Making Offers on Multiple Homes at Once

Making Offers on Multiple Homes at Once

Law book and gavel, real estate attorneyMaking offers on multiple homes is a tactic used by some buyers when the real estate market is “hot,” and they are unable to secure an acceptance for their offer proceeding one property at a time. It is possible to make offers on multiple homes, but it could expose the buyer to legal and financial risks. Moreover, some local laws prohibit buyers from making offers on multiple homes at the same time.

Legal Issues

Some cities and counties prohibit buyers from submitting bids on multiple homes by local ordinance. Furthermore, some there are laws which require parties to engage in deals in “good faith and fair dealing.” The good faith covenant requires parties to engage in contracts with the intent that the contract is fulfilled. Making multiple offers could be interpreted as a violation of that covenant. Finally, it could be interpreted as unethical to submit multiple bids because one or more sellers may rely on those extra bids and reject an offer from a different buyer.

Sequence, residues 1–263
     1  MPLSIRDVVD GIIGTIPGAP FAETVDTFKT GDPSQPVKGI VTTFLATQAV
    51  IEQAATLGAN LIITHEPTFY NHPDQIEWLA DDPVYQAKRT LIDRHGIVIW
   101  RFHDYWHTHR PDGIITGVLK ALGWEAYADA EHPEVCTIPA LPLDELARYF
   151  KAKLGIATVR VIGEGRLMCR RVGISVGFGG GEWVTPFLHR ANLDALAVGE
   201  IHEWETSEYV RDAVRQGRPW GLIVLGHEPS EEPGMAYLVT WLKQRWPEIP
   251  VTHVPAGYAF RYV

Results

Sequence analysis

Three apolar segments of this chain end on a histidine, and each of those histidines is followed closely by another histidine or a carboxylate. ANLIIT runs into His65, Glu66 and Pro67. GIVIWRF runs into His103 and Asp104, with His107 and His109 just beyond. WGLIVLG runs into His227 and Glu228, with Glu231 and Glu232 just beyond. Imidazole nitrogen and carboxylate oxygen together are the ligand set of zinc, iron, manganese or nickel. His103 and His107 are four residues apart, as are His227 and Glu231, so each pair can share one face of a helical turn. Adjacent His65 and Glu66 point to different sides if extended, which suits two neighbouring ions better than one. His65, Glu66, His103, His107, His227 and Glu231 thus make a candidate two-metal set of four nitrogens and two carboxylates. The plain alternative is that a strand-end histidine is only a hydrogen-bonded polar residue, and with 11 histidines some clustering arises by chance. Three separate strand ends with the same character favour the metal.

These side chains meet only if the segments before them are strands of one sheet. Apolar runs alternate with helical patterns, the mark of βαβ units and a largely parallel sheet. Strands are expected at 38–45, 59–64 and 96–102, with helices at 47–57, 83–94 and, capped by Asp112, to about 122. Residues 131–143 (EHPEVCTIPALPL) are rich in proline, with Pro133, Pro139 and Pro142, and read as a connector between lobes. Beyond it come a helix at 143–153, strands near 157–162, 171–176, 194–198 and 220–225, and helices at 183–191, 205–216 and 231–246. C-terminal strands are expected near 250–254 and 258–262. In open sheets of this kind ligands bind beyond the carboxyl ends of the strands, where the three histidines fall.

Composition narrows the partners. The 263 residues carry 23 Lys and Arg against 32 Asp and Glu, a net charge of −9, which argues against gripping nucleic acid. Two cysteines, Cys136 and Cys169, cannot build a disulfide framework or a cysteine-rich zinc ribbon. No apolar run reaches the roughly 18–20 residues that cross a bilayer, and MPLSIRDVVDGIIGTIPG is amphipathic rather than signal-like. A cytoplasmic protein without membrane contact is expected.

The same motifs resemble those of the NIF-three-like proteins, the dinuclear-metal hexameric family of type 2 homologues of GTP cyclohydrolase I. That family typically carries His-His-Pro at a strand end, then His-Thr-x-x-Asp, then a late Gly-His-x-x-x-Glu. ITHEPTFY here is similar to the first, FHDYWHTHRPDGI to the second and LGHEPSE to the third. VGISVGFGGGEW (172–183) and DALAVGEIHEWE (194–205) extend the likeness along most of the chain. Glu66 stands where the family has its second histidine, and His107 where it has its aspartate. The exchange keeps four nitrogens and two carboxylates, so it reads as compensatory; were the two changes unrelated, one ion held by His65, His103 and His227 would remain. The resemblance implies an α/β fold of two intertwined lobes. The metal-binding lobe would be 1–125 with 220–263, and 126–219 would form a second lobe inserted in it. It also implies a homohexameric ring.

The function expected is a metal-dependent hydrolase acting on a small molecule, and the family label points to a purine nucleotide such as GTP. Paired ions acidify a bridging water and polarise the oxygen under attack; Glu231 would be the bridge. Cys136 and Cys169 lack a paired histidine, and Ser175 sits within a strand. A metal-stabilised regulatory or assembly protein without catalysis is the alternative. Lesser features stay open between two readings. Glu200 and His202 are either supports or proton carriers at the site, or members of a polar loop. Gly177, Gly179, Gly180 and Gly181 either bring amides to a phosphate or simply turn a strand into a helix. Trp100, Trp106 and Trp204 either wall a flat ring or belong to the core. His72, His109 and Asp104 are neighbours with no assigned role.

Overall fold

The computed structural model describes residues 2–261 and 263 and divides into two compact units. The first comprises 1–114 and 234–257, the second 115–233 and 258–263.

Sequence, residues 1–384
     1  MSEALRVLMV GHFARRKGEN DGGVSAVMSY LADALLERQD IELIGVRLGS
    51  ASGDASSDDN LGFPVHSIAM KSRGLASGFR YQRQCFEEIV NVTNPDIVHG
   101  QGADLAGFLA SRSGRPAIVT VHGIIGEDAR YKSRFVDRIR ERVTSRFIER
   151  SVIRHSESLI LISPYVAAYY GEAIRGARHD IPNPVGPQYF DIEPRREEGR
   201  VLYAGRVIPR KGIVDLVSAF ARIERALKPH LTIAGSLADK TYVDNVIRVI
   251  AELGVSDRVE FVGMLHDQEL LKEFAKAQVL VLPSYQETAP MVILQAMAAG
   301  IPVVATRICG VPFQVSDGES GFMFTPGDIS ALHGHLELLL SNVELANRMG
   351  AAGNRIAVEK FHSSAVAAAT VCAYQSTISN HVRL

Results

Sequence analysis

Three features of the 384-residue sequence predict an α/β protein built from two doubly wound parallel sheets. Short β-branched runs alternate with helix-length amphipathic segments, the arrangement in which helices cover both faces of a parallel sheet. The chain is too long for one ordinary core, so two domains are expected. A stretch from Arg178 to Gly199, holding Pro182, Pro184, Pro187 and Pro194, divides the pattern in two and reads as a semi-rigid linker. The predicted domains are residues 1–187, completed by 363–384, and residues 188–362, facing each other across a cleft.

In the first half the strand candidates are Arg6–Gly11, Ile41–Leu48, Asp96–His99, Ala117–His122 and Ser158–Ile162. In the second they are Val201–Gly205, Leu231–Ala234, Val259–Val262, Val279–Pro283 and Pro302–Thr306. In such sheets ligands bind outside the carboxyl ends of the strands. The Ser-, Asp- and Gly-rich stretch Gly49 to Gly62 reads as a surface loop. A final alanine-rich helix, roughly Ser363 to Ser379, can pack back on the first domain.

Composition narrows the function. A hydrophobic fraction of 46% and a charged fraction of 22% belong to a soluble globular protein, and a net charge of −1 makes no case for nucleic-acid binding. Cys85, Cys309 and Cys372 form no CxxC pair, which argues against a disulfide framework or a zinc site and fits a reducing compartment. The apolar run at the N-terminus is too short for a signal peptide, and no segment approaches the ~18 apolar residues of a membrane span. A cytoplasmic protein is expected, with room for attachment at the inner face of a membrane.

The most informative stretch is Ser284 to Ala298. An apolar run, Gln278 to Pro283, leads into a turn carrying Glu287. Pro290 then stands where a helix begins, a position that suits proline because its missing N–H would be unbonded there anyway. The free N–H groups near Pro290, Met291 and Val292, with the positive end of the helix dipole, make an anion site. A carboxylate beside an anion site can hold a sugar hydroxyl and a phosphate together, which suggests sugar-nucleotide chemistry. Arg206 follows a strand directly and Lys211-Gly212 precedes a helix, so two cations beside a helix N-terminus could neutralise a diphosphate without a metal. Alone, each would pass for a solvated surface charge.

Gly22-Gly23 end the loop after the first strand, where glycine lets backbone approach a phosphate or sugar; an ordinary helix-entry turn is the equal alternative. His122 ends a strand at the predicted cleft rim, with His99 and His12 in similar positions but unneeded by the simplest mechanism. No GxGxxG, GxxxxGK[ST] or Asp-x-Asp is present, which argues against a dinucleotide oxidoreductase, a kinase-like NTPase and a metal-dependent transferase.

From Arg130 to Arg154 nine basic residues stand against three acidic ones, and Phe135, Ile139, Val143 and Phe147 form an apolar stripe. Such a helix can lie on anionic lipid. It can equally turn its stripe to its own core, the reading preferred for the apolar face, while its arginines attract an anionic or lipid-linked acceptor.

Financial Risk

Each offer requires the buyer to submit “earnest” money to secure their bid. “If the buyer submits multiple offers and more than one is accepted, the buyer will likely have to forfeit the “earnest money” deposit or pay monetary damages to the sellers.”Also, each earnest deposit must be secured by a different payment method and the buyer must have enough funds to cover every earnest deposit submitted.

Possible Contingencies

It is possible, although unlikely, to make the acceptance of anyone offer contingent on the fact that other offers are not accepted or expressly rejected. This arrangement is unlikely because the seller is unlikely to agree to make any acceptance of an offer contingent on sellers of other properties rejecting the buyer’s offer. Without a contingency, it is possible that the repudiated seller will keep the earnest deposit and sue the buyer for breach of contract to seek damages. Before submitting multiple bids, the buyer should review every contract to determine the possible effect of making multiple offers.

Revoking Offers

One technique to avoid possible legal action is to revoke offers once one is accepted. However, the ability to revoke an offer depends on the terms of the contract. The buyer should be able to revoke the offer, but it is likely he or she may be forced to surrender the earnest deposit or pay monetary damages to the Sellers.

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